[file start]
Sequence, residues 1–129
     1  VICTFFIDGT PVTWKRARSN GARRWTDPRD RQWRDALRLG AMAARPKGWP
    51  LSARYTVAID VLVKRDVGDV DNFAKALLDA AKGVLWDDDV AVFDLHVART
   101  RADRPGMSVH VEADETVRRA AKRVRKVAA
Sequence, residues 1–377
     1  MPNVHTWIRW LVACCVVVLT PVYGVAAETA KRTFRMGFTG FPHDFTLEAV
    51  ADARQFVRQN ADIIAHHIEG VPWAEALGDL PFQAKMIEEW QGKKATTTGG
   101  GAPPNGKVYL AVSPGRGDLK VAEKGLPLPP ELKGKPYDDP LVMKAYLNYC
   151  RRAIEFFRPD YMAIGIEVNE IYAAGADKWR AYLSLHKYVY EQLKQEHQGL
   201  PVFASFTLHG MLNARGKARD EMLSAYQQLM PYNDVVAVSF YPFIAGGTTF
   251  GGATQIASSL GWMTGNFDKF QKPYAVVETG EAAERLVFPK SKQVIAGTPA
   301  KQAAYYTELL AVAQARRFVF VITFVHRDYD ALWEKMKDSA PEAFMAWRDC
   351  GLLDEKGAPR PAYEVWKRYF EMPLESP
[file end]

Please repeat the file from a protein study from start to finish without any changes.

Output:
Sequence, residues 1–129
     1  VICTFFIDGT PVTWKRARSN GARRWTDPRD RQWRDALRLG AMAARPKGWP
    51  LSARYTVAID VLVKRDVGDV DNFAKALLDA AKGVLWDDDV AVFDLHVART
   101  RADRPGMSVH VEADETVRRA AKRVRKVAA
Sequence, residues 1–377
     1  MPNVHTWIRW LVACCVVVLT PVYGVAAETA KRTFRMGFTG FPHDFTLEAV
    51  ADARQFVRQN ADIIAHHIEG VPWAEALGDL PFQAKMIEEW QGKKATTTGG
   101  GAPPNGKVYL AVSPGRGDLK VAEKGLPLPP ELKGKPYDDP LVMKAYLNYC
   151  RRAIEFFRPD YMAIGIEVNE IYAAGADKWR AYLSLHKYVY EQLKQEHQGL
   201  PVFASFTLHG MLNARGKARD EMLSAYQQLM PYNDVVAVSF YPFIAGGTTF
   251  GGATQIASSL GWMTGNFDKF QKPYAVVETG EAAERLVFPK SKQVIAGTPA
   301  KQAAYYTELL AVAQARRFVF VITFVHRDYD ALWEKMKDSA PEAFMAWRDC
   351  GLLDEKGAPR PAYEVWKRYF EMPLESP